Crimean Tatar infrastructures of decolonial care

  • This article employs the framework of critical infrastructure studies to outline the settler–colonial oppression and decolonial resistance in the Crimean Peninsula. It shows how Soviet and Russian colonialism intertwined ongoing landscape destruction with forced displacements and colonial othering. In addition, it outlines the laborious process of decolonial nourishment to define infrastructure beyond settler terms, questioning what counts as such. The text counters Russian colonial understanding of infrastructure that could not comprehend indigenous Crimean Tatar irrigation systems, constructed through intimate relations with soil and water rather than large-scale geoengineering. The Crimean Tatar water infrastructures are considered, in line with other forms of resistance, as ones of decolonial care. They create the possibility of a future which goes against that imposed by the Russian state.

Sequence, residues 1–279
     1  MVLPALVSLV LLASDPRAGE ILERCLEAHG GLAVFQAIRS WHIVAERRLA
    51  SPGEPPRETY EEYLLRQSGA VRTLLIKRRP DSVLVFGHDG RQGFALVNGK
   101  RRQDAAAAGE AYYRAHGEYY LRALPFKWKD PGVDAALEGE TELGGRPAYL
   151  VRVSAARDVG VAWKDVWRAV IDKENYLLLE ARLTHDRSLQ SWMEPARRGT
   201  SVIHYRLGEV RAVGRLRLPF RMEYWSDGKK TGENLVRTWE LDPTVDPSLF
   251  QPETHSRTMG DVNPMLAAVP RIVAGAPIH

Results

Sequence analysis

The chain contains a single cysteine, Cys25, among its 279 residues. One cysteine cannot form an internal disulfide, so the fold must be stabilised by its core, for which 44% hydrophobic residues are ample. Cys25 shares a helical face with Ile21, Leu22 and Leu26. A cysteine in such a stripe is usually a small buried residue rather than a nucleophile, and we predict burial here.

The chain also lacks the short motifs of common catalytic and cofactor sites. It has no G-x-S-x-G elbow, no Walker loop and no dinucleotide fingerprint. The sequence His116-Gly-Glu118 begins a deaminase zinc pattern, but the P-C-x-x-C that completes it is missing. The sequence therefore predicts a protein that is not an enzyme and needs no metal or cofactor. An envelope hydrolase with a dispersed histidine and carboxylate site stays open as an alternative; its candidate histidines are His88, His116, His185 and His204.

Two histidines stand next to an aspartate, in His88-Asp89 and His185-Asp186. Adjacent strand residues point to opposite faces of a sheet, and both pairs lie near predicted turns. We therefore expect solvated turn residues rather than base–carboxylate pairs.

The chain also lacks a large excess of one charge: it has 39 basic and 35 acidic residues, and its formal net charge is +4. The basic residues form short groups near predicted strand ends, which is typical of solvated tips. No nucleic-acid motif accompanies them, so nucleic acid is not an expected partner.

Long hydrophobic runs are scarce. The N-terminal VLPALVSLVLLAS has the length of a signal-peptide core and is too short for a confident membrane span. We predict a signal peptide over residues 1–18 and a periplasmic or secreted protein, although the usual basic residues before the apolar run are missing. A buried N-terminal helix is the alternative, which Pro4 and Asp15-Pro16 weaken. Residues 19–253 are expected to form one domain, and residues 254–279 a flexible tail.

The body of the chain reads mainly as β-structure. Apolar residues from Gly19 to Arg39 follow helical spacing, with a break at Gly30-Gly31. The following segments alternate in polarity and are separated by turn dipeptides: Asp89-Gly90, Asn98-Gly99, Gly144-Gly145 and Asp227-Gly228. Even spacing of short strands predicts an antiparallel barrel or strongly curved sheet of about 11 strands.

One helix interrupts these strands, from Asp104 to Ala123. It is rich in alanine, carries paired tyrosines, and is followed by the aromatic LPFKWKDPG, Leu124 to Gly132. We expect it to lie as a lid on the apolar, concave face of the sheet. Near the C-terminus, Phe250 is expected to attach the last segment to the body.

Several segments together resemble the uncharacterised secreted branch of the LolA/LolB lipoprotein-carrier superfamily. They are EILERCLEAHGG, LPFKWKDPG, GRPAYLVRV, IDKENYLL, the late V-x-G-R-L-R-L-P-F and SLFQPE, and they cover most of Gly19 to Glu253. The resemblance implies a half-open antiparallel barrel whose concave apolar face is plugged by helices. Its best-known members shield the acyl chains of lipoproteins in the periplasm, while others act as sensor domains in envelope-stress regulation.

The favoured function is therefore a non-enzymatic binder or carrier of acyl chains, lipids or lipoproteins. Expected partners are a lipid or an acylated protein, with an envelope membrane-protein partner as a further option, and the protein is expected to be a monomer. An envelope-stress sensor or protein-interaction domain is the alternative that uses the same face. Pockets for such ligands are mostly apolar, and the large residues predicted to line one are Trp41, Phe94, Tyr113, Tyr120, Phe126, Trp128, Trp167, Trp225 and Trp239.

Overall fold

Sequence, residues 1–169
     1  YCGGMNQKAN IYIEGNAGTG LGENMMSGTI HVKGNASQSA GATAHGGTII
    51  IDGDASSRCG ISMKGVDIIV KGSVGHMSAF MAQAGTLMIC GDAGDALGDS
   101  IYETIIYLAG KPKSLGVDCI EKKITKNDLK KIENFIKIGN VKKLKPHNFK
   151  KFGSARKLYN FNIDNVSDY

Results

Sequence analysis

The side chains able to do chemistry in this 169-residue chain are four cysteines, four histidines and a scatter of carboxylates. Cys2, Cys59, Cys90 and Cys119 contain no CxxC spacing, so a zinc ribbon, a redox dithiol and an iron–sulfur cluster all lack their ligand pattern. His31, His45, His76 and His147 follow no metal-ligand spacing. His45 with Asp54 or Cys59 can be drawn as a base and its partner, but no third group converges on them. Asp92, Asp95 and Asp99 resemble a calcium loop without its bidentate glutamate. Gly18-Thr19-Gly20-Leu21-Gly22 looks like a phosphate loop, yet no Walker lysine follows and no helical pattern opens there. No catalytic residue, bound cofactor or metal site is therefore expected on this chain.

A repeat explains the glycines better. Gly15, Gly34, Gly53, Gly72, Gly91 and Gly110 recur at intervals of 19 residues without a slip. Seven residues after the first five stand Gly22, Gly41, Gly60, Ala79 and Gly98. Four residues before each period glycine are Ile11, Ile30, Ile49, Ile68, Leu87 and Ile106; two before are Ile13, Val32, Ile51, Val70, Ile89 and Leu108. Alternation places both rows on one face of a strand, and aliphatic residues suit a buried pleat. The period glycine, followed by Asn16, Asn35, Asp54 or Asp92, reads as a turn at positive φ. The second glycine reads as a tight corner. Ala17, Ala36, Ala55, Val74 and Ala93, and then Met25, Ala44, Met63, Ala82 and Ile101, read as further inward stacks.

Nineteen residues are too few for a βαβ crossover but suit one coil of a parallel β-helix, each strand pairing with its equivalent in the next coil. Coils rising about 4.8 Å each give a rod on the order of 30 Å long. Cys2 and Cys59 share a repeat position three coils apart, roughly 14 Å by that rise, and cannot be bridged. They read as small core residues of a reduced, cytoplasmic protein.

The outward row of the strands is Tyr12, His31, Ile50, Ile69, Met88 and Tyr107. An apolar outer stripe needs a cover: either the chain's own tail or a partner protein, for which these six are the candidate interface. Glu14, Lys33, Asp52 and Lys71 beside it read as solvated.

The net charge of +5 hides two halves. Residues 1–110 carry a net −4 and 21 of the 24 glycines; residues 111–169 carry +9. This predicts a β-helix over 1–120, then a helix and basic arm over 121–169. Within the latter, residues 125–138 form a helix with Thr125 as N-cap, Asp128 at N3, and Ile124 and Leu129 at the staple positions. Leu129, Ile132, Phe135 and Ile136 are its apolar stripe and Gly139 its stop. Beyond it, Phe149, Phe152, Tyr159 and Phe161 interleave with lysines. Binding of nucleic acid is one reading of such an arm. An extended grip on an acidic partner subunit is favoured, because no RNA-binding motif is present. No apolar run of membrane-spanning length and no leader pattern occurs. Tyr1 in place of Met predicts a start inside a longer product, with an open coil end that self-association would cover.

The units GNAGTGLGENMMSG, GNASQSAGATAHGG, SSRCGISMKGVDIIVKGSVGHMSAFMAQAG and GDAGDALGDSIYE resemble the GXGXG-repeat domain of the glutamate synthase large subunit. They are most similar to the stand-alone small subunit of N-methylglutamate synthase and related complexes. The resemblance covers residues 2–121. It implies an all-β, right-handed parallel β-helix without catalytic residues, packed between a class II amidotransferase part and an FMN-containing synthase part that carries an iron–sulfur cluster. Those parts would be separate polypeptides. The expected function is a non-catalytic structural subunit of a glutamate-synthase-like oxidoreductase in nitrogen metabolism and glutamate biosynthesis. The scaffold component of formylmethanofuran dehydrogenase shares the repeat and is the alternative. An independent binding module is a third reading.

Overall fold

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Author:Anna EngelhardtGND, Sasha ShestakovaGND
Parent Title (English):European review
Publisher:Cambridge University Press
Place of publication:Cambridge
Document Type:Article
Date of Publication (online):2024/01/18
Date of first Publication:2022/05/12
Publishing Institution:Ruhr-Universität Bochum, Universitätsbibliothek
First Page:532
Last Page:544
Institutes/Facilities:Institut für Medienwissenschaft
open_access (DINI-Set):open_access
Licence (English):License LogoCreative Commons - CC BY 4.0 - Attribution 4.0 International